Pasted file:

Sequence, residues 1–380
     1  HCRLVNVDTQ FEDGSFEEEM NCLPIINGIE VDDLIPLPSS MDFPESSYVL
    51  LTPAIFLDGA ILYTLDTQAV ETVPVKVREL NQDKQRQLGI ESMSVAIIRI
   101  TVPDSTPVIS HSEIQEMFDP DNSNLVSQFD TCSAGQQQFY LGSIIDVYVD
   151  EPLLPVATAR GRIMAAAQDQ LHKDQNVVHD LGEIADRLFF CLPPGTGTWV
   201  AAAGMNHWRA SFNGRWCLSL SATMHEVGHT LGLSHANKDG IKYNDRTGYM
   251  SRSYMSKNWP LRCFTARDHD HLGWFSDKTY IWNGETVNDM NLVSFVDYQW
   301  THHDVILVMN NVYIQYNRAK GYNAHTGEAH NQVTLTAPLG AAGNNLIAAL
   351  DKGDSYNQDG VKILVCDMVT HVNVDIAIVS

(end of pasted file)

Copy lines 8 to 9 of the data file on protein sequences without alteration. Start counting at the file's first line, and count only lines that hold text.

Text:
   301  THHDVILVMN NVYIQYNRAK GYNAHTGEAH NQVTLTAPLG AAGNNLIAAL
   351  DKGDSYNQDG VKILVCDMVT HVNVDIAIVS